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I can remember MarocBaba telling me one of his favorite memories of coming home from school was when his mom or his sisters (he has 6 older sisters) would make a bread stuffed with onions and spices. I also can remember thinking, “oh, that’s nice” but in the back of my mind not really getting what was so special about this. If I’m completely honest, I still don’t LOVE this the way my husband and kids do but I chalk that up to my lifelong hatred of onions.
Yes, I hate onions.
I have tried to make this several times over the course of my marriage and most of the time it has fallen flat on its face. So, I did what I should be doing more of now that we live in Morocco. I enlisted one of my sister-in-laws to teach me. It became obvious right away where I was making my mistakes.
But, the good news is that unlike many Moroccan recipes, the way my sister-in-law makes this is actually easier than what I was attempting to do. Yay!
You could make these to have anytime of day though here they are most popular as a snack after school or during Ramadan on the iftar table. I send pieces of this to school with my kids for a snack or serve it along side a salad for lunch. See, there’s no bad time!
Please note that for the quantities I have used a variety of measures. I have tried to provide both metric and imperial measurements so that you can use whichever is most familiar to you.
For Bread Filling
- 3 purple or yellow onions chopped finely
- 100 grams (appx 1/2 cup) hard beef suet (fat)
- 1 tsp cumin
- 1 Tbsp paprika
- 1/2 tsp black pepper
- 1 tsp salt
- 1 small red hot pepper seeds removed
- 250 grams (1/2 pound) ground beef
- palmful of za’atar or dry thyme
For the Bread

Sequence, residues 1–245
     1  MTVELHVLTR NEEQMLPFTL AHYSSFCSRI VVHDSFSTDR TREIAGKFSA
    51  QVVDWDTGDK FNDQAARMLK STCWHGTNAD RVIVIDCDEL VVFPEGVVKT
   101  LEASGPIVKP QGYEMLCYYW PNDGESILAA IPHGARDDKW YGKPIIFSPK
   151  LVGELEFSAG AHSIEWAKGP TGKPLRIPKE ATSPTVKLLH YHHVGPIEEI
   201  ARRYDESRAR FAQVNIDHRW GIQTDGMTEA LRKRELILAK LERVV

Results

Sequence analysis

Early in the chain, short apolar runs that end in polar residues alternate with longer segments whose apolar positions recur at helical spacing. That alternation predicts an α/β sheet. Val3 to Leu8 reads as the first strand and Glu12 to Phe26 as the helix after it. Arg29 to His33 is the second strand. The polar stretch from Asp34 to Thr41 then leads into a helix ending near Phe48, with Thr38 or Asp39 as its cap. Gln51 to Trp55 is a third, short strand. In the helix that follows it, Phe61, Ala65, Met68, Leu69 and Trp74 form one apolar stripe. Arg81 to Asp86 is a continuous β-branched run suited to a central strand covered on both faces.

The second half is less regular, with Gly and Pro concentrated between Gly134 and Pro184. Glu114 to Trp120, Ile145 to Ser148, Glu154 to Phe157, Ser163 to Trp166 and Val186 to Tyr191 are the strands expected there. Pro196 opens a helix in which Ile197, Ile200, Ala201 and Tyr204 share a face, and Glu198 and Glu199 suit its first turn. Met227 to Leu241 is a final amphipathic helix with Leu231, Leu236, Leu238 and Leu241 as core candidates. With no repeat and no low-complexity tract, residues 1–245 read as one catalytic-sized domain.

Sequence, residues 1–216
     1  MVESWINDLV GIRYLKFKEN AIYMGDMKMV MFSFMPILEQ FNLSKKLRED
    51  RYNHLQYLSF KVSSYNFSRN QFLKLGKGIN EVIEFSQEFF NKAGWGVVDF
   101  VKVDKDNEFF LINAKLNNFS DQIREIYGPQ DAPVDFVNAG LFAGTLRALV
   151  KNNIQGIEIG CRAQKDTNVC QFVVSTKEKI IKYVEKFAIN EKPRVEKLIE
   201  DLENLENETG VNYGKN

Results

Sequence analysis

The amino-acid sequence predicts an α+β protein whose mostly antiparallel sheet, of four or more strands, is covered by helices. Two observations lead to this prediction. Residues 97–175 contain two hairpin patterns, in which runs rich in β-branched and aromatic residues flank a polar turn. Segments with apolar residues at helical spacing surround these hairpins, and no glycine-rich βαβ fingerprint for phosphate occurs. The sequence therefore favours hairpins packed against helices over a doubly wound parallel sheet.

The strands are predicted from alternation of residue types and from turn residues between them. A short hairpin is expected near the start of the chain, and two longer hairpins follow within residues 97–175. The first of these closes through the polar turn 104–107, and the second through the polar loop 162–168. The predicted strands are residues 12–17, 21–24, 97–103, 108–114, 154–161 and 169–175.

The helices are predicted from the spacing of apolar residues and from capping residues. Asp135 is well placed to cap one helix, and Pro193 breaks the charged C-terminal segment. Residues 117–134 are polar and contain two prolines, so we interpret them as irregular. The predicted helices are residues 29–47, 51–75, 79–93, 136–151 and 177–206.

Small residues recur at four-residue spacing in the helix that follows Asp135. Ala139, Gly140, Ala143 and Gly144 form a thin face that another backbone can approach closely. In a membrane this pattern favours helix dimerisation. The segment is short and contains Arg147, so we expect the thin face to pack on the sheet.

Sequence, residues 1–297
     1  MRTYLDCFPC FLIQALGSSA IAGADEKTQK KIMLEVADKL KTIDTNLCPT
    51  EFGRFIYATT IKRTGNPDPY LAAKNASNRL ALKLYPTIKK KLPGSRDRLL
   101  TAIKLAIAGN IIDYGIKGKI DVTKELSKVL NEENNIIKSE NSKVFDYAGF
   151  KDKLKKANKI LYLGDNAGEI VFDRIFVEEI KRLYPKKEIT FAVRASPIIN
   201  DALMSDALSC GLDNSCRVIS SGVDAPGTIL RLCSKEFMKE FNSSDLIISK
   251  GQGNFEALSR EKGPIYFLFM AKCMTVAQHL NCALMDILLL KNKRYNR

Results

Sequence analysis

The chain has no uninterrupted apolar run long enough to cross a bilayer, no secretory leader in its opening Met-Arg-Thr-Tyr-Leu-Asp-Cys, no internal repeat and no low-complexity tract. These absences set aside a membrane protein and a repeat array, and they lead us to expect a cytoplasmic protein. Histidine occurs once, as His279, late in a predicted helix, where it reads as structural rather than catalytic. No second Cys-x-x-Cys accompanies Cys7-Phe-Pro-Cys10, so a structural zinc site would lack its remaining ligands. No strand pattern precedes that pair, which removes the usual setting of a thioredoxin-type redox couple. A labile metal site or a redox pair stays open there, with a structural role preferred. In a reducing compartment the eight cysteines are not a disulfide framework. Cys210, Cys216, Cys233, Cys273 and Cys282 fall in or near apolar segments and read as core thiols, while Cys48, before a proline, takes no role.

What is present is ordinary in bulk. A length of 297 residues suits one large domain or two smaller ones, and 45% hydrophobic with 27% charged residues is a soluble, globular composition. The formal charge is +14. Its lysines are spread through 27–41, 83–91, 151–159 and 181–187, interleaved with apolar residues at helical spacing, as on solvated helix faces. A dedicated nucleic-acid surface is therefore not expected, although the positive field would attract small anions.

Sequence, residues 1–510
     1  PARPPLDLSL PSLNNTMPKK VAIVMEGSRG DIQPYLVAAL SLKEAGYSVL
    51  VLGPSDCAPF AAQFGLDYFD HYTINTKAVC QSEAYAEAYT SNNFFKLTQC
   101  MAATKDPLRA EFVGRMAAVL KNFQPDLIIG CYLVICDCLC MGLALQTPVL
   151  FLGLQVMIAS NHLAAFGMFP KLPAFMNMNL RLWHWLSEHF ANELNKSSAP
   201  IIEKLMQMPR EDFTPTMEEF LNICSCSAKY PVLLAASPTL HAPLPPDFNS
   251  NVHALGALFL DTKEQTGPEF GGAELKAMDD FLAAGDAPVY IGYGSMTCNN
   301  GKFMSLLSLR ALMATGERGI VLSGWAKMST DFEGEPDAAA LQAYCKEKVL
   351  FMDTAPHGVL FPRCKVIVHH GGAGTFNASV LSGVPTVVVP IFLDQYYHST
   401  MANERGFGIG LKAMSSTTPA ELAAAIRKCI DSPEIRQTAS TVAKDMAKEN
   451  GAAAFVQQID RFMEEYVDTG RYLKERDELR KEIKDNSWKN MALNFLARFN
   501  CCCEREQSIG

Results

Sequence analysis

- equal amounts of semolina flour and white flour – we used 2 cups or 250 grams of each.
- 2 1/2 tsp dry yeast
- 1/2 tsp salt
- 1 tsp sugar
- warm water
- 1 Tbsp vegetable oil
Cooking the Filling
To begin cook the onions and beef suet (fat) until the onions start to get translucent. This should take about 5 minutes to begin cooking down.
Next, add the spices and mix into the onions. Taste the hot pepper before you add the entire thing. You can decide what level of spiciness you want. Chop very finely. You also can leave it out completely, it’s optional. Cook a few more minutes.
Break up the ground beef with your hands and add to the onion mixture in small pieces. Continue cooking while breaking the meat until small pieces until the meat is completely cooked. At the end crush the za’atar/thyme with your hands and add to the meat.
Remove from the heat and allow to cool completely before stuff. It’s very important that you let the meat cool all the way.
Making the Bread
In a large bowl, combine the semolina and flour as well as the salt. Make a well in the middle of the flour and add the sugar and yeast. Slowly pour in warm water and begin mixing the dough.
The dough should feel wet but with kneading it will begin to get less sticky the more you knead. (See video). The dough should be kneaded for at least 5 minutes but the length of time will depend on your flour and altitude.
At the very end, add the vegetable oil and knead into the dough, coating it completely.
Cover and let rise for 15 minutes. Then, divide the dough into evenly sized balls – approximately 8 to 10 balls.
Dust a clean spot with semolina flour and begin to flatten the balls of dough one at a time. Work from the inside to the outside until you’ve created a 6″ or 15cm round.
Add 1 Tbsp plus a little more of the filling to the center of the disc. Gather up each of the edges of the dough until you create a pouch and seal. Shape with your hands to make sure that it is sealed.
Continue with the rest of the balls.
Start again with the first ball you formed and again working from the middle begin to flatten into a disc. This time you want to make them as flat as possible without breaking through the dough and having the inside stuffing come out.
These can be cooked in a skillet on the stovetop over low heat. Because the filling is already cooked you need only cook until the bread is baked. You also can cook them in the oven at 180C/350F until the bread is brown.
This is best eaten hot and almost always served with a glass of Moroccan tea!
To watch the steps a bit more indepth, I also made this video that walks through the process.